The owners of a St. Williams gas station were awoken by the sound of gunfire outside their business early Sunday morning. “This morning at 3:45 a.m. shots were fired in a drive-by at our gas station, which is also our home. The shots were fired on the building and the gas pumps,” Neetu Moondi-Kullar wrote in a Facebook post on Sunday. Her parents own the Shell station at Highway 24 East and Forestry Farm Road in the west end of Norfolk County. Moondi-Kullar told The Spectator five shots were fired at the building as her parents and brother slept inside, along with the family dog, Jaxx, and their parrot, Castro. “We are still assessing the total damage,” Moondi-Kullar said, adding that her family is feeling “shaken up, scared and angry” after the shooting. “They have worked so hard to build the business and become part of the community, and it’s just disheartening to see something like this happen,” she said. “One wrong shot on the pumps could have blown my whole family up as a worst-case scenario.” The Moondi family has owned the station since December 2016. A police investigation is underway and Norfolk OPP has reviewed surveillance footage that shows “a small, dark-coloured car” in the area at the time of the shooting. Police are attempting to identify the owner of the vehicle and have asked area residents to check their surveillance systems to see if other cameras picked up the car or its occupants around Port Rowan or St. Williams. Tips can be called in to the OPP detachment at 1-888-310-1122 or submitted anonymously via Crime Stoppers at 1-800-222-8477 or online at helpsolvecrime.com. Moondi-Kullar said she hopes whoever endangered her family’s lives will be brought to justice. “This time no one was hurt, but what happens next time when these low-life fools shoot at someone and seriously injure them?” she said. J.P. Antonacci, Local Journalism Initiative Reporter, The Hamilton Spectator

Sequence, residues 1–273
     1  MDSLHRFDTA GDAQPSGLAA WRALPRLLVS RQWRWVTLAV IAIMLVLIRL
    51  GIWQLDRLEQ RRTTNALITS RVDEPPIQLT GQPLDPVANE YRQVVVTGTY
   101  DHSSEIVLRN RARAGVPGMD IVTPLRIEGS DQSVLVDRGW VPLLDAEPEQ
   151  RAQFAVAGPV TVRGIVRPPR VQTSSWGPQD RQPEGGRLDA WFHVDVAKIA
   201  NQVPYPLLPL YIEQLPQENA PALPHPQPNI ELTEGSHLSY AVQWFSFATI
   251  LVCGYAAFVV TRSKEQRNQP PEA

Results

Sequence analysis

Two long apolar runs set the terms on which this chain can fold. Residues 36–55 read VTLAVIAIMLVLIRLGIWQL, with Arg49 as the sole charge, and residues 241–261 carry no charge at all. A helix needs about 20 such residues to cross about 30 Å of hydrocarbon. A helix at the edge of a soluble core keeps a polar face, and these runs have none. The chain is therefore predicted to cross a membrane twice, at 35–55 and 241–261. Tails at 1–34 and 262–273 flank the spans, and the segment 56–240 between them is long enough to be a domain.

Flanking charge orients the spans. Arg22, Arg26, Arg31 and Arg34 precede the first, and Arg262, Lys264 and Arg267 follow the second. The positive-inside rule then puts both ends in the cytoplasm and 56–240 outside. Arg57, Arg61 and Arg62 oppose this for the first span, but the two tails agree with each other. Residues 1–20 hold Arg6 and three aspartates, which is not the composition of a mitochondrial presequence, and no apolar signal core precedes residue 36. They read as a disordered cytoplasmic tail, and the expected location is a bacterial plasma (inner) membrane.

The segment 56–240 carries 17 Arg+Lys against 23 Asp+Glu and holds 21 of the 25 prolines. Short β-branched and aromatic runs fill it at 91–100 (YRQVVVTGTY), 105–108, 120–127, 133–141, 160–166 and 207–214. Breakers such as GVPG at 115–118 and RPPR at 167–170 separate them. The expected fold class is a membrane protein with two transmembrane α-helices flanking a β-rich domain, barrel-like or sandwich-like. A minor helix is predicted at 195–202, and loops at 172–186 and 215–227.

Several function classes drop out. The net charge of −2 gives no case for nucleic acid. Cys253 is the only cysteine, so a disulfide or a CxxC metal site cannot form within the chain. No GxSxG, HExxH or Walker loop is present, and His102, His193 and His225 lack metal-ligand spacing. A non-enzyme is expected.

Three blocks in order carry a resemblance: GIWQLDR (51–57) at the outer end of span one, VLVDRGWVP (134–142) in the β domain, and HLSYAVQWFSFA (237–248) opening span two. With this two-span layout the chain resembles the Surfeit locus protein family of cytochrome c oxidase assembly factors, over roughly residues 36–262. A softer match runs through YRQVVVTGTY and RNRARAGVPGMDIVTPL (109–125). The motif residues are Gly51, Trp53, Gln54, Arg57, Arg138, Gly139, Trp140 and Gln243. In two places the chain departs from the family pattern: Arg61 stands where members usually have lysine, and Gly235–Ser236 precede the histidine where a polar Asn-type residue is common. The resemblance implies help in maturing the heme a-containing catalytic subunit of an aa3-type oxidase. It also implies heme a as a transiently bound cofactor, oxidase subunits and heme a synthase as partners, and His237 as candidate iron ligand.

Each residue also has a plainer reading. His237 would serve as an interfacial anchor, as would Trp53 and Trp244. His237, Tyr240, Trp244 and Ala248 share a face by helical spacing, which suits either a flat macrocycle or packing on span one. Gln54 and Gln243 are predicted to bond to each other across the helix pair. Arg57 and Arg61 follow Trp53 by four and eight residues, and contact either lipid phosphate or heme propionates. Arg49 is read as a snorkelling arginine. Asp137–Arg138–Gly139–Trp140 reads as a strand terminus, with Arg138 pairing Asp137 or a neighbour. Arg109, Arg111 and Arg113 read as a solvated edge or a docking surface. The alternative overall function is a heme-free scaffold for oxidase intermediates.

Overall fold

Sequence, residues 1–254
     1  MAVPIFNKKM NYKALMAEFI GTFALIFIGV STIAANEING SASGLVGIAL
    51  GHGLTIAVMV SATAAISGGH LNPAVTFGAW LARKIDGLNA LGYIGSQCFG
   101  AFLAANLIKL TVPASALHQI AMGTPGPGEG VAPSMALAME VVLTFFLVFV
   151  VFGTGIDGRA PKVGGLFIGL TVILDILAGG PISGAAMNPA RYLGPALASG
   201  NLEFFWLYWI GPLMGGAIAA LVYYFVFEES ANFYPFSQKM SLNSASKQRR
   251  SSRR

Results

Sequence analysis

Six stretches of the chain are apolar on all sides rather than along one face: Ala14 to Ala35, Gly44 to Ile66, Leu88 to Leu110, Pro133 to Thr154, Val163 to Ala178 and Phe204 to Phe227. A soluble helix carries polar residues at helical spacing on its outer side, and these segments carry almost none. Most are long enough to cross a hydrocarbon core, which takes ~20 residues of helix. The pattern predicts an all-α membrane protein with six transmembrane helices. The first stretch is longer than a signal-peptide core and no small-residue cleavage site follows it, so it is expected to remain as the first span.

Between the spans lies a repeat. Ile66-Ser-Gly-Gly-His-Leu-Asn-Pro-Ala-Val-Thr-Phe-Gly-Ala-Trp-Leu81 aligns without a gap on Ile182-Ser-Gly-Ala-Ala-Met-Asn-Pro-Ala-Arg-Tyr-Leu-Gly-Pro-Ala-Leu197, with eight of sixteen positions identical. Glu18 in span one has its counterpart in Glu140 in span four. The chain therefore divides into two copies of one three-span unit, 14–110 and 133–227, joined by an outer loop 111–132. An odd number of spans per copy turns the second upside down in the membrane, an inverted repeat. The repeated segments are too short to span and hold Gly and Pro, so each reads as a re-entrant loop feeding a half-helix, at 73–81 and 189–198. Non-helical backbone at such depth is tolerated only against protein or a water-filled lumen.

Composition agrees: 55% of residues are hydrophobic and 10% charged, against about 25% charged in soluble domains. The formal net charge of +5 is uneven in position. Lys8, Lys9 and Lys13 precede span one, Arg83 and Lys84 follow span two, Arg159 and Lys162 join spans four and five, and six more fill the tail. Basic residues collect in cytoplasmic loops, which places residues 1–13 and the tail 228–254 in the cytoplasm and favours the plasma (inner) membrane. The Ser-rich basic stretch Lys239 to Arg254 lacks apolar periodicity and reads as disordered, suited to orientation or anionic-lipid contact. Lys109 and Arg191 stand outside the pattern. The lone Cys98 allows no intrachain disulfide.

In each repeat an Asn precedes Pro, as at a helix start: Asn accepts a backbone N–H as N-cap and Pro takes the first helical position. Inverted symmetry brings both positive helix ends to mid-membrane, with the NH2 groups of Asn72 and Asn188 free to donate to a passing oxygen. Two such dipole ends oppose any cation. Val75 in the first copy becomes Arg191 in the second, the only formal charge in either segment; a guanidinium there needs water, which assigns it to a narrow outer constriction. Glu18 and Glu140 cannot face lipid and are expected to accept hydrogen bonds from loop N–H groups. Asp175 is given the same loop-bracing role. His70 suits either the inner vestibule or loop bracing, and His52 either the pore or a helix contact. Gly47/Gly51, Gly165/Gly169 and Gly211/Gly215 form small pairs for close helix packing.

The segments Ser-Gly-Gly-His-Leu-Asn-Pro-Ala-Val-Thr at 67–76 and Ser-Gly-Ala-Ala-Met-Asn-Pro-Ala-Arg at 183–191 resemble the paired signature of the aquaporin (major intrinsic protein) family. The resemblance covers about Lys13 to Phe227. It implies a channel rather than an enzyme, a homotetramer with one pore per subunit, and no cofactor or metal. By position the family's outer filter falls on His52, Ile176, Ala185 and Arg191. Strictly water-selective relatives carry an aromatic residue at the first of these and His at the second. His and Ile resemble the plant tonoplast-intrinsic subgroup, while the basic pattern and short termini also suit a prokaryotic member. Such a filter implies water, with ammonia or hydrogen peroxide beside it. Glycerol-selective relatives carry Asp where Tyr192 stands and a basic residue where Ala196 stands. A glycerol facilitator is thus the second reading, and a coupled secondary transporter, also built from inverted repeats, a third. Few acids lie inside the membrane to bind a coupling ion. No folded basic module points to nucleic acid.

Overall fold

Haisla Nation duo Snotty Nose Rez Kids are leading nominees at the first-ever International Indigenous Hip Hop Awards Show. The celebration will stream online on May 23 from Winnipeg, this year's host city, with the winners of all 20 categories selected by the public. The Rez Kids are contending for four awards, including hip hop single of the year for "Where They At" and album of the year for "Born Deadly." David Strickland, a Mi’kmaw and Cree producer, is up for three awards, among them single of the year for "Turtle Island," featuring Supaman, Artson, Spade, JRDN and Whitey. Other categories span an array of elements tied to hip hop music. Two are devoted to R&B songs, while music videos, DJs and clothing lines all have their own awards. An international hip hop single category includes artists hailing from the United States, Australia and India. Organizers say nominees were narrowed down by a group of music judges and industry players, such as DJs, producers and other professionals. The winners will be selected through a public vote running until April 30 on the event's website. The Indigenous hip hop awards are being led by four organizers: MCs Miss Christie Lee and Jon C, as well as Indigenous artist and motivational speaker Paul Sawan and entertainment marketer Chris Sharpe. The idea came about when Sawan and Sharpe began discussing their excitement around the burgeoning Indigenous hip hop community. "I really do consider it to be the new underground," Sharpe said in a phone interview. "We would love (the awards) to be one of the premier events that really showcases the Indigenous artists across Canada, with the hope that a lot more investment will go into helping artists develop in these communities." The awards will be preceded by a virtual music industry trade show on May 22. Follow @dfriend on Twitter. This report by The Canadian Press was first published Jan. 26, 2021. David Friend, The Canadian Press